Missouri’s Department of Health and Senior Services has received thousands of applications for medical marijuana cultivation, dispensary, manufacturing and testing laboratory licenses.
DHSS reports 2,163 online applications had been received by 4:30 p.m. Monday. It was a big jump on the figures we reported in July, when the tally stood at under 500 by early in the month. 800 applications were received in the final 24 hours of the application period.
While a breakdown of applications wasn’t available at the time of publishing, there will be a lot of disappointment when this process is complete. A total of 348 licences will be granted by DHSS: 60 for cultivation facilities, 192 for dispensaries, 86 for medical marijuana-infused manufacturing facilities and 10 for testing laboratory facilities.
The number of licences has previously been called into question, with an economic analysis suggesting the level may be too high given projected demand.
DHSS is pleased with its progress to this stage.
“I am extremely proud of the team we have built who have been responsible for getting us through this pivotal point for implementing a medical marijuana program for Missourians,” said Lyndall Fraker, director of DHSS Section for Medical Marijuana Regulation.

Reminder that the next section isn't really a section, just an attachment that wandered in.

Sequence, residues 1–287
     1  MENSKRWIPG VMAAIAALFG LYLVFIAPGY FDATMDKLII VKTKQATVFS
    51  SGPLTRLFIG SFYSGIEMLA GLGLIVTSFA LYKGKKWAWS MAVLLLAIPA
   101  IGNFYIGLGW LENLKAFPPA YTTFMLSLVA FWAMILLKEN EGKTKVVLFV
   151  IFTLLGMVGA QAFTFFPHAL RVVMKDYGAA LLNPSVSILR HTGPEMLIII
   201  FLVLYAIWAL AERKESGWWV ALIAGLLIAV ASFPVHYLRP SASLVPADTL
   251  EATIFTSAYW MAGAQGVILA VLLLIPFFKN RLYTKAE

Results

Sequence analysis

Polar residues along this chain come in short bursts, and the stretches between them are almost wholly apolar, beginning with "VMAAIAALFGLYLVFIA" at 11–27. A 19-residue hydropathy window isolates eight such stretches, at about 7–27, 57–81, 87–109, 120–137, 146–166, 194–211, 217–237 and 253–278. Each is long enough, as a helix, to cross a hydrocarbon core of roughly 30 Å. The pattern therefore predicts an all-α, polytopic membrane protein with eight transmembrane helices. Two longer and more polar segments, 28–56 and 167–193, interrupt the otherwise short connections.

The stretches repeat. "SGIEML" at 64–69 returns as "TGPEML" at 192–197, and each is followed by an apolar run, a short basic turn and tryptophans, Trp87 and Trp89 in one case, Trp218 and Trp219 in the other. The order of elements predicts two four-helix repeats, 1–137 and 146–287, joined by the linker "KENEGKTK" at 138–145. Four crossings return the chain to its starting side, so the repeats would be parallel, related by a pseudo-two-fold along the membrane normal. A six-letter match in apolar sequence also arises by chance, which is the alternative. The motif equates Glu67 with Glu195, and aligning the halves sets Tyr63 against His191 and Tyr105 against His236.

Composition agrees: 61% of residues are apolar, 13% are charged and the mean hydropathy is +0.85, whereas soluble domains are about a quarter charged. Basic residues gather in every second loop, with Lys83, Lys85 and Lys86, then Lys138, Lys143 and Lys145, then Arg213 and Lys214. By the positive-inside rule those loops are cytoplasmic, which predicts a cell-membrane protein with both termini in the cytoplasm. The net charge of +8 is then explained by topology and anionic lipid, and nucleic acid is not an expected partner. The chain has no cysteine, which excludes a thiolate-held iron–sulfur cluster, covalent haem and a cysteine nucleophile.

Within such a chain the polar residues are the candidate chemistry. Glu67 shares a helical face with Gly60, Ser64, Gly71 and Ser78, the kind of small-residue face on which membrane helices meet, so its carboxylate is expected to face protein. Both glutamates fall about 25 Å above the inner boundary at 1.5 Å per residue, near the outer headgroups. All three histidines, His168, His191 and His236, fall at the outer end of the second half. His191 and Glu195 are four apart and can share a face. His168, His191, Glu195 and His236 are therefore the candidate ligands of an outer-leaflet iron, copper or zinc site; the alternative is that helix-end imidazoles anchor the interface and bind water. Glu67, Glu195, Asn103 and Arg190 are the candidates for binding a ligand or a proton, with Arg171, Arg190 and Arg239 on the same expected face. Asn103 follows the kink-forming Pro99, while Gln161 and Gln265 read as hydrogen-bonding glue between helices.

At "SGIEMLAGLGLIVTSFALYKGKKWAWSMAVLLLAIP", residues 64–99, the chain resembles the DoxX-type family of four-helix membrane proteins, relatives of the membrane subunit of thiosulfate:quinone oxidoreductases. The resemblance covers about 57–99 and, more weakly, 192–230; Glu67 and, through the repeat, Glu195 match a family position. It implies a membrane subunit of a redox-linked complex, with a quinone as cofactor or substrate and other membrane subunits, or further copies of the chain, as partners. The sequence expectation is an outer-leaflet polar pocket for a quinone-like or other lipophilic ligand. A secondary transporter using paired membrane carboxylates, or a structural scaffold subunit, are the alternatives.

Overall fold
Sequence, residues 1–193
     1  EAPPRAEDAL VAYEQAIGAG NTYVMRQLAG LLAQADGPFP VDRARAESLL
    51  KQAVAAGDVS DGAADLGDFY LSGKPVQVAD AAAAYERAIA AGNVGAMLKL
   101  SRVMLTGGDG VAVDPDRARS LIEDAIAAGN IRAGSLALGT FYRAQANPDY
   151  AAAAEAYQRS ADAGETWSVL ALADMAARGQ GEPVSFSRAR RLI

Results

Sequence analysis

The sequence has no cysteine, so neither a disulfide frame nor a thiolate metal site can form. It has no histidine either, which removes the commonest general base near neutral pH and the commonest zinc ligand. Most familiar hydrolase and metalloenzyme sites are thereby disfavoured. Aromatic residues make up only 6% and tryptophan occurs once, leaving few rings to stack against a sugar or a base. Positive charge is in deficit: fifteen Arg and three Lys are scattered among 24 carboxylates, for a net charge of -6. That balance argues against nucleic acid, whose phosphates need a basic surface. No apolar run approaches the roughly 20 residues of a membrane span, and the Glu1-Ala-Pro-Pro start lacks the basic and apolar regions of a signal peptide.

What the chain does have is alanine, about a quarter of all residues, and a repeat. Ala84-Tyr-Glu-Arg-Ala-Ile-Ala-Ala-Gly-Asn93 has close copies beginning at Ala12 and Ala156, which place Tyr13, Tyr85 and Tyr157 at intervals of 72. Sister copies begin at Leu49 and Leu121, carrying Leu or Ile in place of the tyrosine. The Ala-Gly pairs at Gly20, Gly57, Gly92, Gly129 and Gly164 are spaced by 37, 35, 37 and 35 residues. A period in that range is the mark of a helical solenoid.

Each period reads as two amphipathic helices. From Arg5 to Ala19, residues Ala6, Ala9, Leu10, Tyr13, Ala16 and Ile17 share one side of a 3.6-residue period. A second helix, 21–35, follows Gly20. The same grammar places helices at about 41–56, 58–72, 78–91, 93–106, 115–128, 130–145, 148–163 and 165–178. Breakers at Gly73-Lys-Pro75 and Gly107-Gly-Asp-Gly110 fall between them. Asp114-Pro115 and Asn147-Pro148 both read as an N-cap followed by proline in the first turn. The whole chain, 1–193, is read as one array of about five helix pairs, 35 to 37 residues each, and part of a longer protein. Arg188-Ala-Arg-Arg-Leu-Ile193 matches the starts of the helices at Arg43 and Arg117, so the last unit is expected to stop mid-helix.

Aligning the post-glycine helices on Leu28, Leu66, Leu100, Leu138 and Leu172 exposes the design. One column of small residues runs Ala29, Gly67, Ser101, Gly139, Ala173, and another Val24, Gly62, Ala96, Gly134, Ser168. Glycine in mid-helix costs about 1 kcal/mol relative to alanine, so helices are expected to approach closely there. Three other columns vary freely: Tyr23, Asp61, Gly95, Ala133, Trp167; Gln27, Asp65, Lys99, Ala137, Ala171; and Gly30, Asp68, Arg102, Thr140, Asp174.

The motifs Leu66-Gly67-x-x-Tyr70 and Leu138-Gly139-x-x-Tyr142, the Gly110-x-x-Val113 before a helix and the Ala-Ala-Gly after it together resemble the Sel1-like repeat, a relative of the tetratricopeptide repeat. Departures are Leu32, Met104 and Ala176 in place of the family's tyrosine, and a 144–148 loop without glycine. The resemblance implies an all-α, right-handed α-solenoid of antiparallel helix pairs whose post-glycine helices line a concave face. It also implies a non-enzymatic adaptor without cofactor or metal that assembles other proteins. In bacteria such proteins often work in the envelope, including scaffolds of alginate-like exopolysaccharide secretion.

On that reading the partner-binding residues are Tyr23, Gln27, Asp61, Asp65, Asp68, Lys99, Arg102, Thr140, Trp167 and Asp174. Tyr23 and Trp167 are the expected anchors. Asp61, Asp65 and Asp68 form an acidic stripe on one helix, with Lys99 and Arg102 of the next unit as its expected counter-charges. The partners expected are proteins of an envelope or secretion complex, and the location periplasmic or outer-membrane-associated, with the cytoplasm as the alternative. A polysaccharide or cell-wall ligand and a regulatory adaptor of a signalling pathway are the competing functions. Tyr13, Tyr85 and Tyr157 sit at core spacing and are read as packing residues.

What Happens Now?
According to the department, a third-party “blind scorer” will begin reviewing the applications, which will be stripped of any identifying information, against Evaluation Criteria Scoring Questions.
That third-party has quite a job ahead of it as applications must be approved or denied by the department within 150 days of application date. That being the case, the latest the first approvals will be is December 29, 2019.
DHSS did have a map showing locations of proposed facilities, but that hasn’t been updated since June 20. However, the Department says information regarding facility type and proposed location associated with all applications will be made available in the coming weeks.
While setting the program up has no doubt been an expensive task, DHSS has received over $13 million in application fees. Looking ahead to when product will be available, taxes will be collected on medical marijuana sold and there will also be license fees generating revenue. This cash will be used to cover the program’s operating expenses and any surplus funds are to benefit the new Missouri Veterans’ Health and Care Fund.